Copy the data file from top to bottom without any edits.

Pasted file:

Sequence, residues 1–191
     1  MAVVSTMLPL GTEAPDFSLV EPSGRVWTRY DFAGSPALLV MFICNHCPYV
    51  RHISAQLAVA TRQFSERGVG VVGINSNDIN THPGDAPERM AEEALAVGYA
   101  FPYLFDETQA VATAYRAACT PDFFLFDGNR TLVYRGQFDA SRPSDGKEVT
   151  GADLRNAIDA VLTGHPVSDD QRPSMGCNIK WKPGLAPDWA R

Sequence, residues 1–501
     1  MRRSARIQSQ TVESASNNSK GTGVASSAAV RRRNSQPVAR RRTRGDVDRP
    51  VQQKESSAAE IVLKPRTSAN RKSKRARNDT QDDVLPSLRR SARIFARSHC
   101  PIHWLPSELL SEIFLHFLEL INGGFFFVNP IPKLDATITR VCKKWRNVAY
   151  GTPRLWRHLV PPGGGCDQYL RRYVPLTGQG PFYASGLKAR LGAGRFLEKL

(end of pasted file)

Sequence, residues 1–191
     1  MAVVSTMLPL GTEAPDFSLV EPSGRVWTRY DFAGSPALLV MFICNHCPYV
    51  RHISAQLAVA TRQFSERGVG VVGINSNDIN THPGDAPERM AEEALAVGYA
   101  FPYLFDETQA VATAYRAACT PDFFLFDGNR TLVYRGQFDA SRPSDGKEVT
   151  GADLRNAIDA VLTGHPVSDD QRPSMGCNIK WKPGLAPDWA R

Sequence, residues 1–501
     1  MRRSARIQSQ TVESASNNSK GTGVASSAAV RRRNSQPVAR RRTRGDVDRP
    51  VQQKESSAAE IVLKPRTSAN RKSKRARNDT QDDVLPSLRR SARIFARSHC
   101  PIHWLPSELL SEIFLHFLEL INGGFFFVNP IPKLDATITR VCKKWRNVAY
   151  GTPRLWRHLV PPGGGCDQYL RRYVPLTGQG PFYASGLKAR LGAGRFLEKL